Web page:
Bob Marley: The Lion’s Last Roar
Stanley Theater promoters Pat Dicesare and Rick Engler present Marley with a plaque to mark the show’s quick sellout
When Jody Wenig, Marley’s agent, phoned Engler that morning, he remained mum about the tumor, stressing only that Engler should check with Marley as soon as he arrived. Even with him in the building, they were not guaranteeing a performance. It would be up to Marley. When he saw some band members filtering by his office, the promoter headed to the dressing room where Marley was resting on a couch. “I could see that he did not look well,” recalls Engler. “His face was drawn and he looked very, very, very tired. He looked worn out, but I just thought he had a cold. I said, ‘How you feeling?’ He goes, ‘No good, mon. Very, very tired. Not well at all.’ I said, ‘Are you going to play?’ And he said, ‘I probably shouldn’t but I need to do it. I need to do it for my band, they need the money. We’re here, we’re gonna play.’ I said, ‘That’s great, but if you can’t do it, don’t. Don’t push it.’ He said, ‘We’re gonna do it, no problem.’”
While Marley told Engler that he wasn’t going to sound check, he not only joined his bandmates onstage, but he did so for what would also prove to be their longest and most memorable sound check—one in which the proud singer touchingly communicated to his friends what he was feeling without actually having to look them in the eye and say it. Uncharacteristically, says Mowatt, he didn’t speak a word into the mic, sat on the drum riser when not singing and only signaled to bandleader/bassist Aston “Family Man” Barrett when he wanted a level tweaked.
“Normally, we would do like one or two songs,” she says, “but this was more like a rehearsal.” Without interacting with the band at all, for a half-hour, the troubled Tuff Gong cycled through “Keep on Moving,” repeating the chorus, Lord, I’ve got to keep on moving / Lord, I’ve got to get on down/ Lord, I’ve got to keep on grooving/ Where I can’t be found. The song choice was extra poignant in its message to his two oldest children: Tell Ziggy I’m fine and to keep Cedella in line.
“It was something that he was feeling,” says Griffiths. “I said to Judy and Rita, ‘Boy, this song has been going for so long,’ and that made us even more concerned. To me, he was looking very stressed. [Guitarist] Junior [Marvin] took a picture with one of those instamatic cameras at sound check, and when the picture came out, it didn’t look like the same person.” It’s curious to note that despite the lengthy sound check of the song, Marley did not perform “Keep on Moving” that evening to a live audience.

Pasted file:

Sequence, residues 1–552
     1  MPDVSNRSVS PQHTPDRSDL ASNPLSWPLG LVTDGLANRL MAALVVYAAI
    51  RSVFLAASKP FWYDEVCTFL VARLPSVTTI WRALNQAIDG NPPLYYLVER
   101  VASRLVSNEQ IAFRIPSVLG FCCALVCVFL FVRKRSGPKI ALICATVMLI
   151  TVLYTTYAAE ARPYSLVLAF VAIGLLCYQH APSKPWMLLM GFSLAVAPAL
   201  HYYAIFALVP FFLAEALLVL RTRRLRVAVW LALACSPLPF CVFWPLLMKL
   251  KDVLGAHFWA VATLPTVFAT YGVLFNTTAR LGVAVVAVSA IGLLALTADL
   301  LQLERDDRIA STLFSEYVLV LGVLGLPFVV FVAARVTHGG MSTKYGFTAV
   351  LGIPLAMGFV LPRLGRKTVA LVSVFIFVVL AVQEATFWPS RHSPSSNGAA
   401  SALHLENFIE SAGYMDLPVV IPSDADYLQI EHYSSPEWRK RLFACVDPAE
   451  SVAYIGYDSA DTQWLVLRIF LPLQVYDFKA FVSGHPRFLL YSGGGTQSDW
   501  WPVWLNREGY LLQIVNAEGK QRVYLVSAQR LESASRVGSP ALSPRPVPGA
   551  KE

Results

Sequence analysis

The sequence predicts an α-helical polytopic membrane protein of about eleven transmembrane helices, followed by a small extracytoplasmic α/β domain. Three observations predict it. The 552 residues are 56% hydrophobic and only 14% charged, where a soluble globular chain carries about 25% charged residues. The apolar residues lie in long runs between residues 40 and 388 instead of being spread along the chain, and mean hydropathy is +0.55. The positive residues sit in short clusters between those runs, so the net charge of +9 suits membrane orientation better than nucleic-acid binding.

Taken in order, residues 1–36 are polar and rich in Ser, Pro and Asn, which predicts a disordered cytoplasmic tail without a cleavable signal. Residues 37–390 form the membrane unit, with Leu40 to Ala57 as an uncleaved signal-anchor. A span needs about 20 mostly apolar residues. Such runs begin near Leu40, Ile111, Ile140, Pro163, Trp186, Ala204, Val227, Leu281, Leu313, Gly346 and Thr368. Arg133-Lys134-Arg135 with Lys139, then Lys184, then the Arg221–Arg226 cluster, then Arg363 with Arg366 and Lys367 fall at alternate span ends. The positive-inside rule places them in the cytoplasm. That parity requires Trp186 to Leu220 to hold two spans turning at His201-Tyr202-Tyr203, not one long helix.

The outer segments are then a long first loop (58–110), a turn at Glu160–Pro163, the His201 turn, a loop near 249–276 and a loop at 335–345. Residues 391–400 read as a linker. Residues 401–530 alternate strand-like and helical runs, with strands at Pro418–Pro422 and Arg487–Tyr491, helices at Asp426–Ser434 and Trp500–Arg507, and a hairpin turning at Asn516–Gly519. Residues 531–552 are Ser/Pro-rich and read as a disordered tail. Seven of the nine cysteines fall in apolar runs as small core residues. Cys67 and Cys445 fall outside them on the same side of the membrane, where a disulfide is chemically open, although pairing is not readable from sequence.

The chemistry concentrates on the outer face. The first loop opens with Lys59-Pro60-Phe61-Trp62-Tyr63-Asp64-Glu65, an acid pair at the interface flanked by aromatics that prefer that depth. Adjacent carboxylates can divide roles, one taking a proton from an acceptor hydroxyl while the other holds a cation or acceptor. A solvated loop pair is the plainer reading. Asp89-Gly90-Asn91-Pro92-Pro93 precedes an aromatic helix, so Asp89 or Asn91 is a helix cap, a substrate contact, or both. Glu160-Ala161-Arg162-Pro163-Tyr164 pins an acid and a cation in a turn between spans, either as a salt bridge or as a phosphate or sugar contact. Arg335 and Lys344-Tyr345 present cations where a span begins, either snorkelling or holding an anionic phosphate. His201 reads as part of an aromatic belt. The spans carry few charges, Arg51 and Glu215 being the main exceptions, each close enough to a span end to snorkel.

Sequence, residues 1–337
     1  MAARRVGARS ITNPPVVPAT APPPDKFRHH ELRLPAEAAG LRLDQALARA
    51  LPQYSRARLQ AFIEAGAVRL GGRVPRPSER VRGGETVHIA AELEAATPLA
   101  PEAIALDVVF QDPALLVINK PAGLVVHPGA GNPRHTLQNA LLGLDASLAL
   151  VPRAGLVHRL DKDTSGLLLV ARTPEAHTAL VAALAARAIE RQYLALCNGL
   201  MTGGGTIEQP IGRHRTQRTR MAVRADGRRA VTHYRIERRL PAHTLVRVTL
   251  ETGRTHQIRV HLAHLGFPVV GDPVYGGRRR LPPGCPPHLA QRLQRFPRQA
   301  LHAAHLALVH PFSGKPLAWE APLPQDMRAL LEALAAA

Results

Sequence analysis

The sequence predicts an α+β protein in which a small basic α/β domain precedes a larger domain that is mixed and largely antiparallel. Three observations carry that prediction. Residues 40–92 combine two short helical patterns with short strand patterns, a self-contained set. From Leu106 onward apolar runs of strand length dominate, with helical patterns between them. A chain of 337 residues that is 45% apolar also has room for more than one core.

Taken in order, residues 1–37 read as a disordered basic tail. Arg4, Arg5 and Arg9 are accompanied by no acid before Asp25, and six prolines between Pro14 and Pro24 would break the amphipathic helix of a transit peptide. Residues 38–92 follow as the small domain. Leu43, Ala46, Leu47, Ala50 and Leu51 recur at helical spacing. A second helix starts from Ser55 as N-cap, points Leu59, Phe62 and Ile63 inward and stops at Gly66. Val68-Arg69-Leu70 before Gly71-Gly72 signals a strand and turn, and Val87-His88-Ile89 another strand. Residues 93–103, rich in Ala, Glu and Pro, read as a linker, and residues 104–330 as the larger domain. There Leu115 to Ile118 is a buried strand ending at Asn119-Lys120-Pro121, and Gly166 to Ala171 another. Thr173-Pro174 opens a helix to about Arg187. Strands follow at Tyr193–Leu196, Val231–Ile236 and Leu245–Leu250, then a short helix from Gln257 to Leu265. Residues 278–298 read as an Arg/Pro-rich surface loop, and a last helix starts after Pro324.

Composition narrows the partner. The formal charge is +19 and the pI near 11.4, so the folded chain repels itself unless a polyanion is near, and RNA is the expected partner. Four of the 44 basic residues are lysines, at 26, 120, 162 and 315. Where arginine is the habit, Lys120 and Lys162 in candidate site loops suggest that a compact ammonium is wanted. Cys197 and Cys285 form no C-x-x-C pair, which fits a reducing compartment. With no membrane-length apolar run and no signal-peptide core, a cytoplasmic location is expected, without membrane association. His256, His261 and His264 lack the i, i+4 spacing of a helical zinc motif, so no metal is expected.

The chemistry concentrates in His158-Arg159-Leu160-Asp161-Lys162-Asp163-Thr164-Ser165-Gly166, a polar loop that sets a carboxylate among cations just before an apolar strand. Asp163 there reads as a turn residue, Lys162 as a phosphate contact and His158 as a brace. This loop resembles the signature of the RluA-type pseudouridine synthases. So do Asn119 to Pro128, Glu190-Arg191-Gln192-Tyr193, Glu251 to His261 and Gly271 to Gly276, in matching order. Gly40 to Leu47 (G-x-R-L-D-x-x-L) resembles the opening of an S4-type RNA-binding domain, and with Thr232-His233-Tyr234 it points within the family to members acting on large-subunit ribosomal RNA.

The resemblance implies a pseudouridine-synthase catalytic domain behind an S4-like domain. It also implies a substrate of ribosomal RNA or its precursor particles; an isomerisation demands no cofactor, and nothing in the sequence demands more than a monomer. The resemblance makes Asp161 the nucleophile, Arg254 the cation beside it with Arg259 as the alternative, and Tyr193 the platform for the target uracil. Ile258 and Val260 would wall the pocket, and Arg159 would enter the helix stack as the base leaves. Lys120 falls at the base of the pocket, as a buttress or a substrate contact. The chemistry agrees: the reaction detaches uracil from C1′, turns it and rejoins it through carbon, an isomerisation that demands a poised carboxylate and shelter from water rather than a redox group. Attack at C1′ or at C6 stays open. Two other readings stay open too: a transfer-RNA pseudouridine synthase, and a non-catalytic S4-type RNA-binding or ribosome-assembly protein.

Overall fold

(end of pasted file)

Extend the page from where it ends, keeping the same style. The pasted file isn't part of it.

Like his bandmates, Marvin’s most vivid memory of the Stanley gig comes not from the performance, but during a moment just before the show: “I saw him looking at himself in the mirror, as if to say, ‘I look okay on the outside, but what’s going on in the inside?’”
Around that time, Engler ducked back into the dressing room, which at that point was filled with band members and ganja smoke. Bob had rested for the previous few hours and seemed reborn. “He had some energy now,” says the promoter. “It seemed like somehow he really rose to the occasion.” Engler presented his hero with a plaque recognizing the show as one of the fastest sellouts in the venue’s history. Marley posed for a photo, holding the plaque, as well as two quick shots on the couch snapped by house photographer Rick Malkin.
Another example of his well-documented generosity, before the show Marley approached the scrappy young Ian Wynter—then pulling triple duty with the Wailers as a cook, roadie and apprentice keyboardist—and informed him that his time had finally come. As Wynter (known these days as Natty Wailer) was stringing a guitar, Marley informed him that tonight, he would finally make his live debut with the Wailers.
I’ve been accused on my mission
Jah knows that you shouldn’t do it
For hangin’ me, they were willin’, yeah
And that’s why I’ve got to get on through
Lord, they’re coming after me
Marley’s physical collapse came just as one of his biggest dreams—to be genuinely embraced by Black America—seemed to be in reach. After thrilling more than a million fans across Europe, Pittsburgh was the fifth date on the U.S. leg of the Uprising tour, which—much to the delight of the Wailers themselves—was supposed to be followed by a 60-date tour opening for Stevie Wonder. Marley was unsatisfied that Uprising had only cracked the top 50 on the Billboard 200 chart. At the time, his only hit on Black radio stations had been the title track off Exodus three years earlier.
Frankie Crocker, of leading New York R&B station WBLS and promoter of the two concerts Marley and the Wailers performed during their stay in Manhattan was working to change that. Over two nights at Madison Square Garden, in what seems like a joke three decades later, the legend opened for Lionel Richie and The Commodores, largely embarrassing the headliners on both nights. With the rumble of Family Man’s bass pinning ensnaring onlookers, Marley and the Wailers robbed the spotlight from the soft rockers on both nights—with estimates of as many as 9,000 (nearly half the arena), emptying at intermission.
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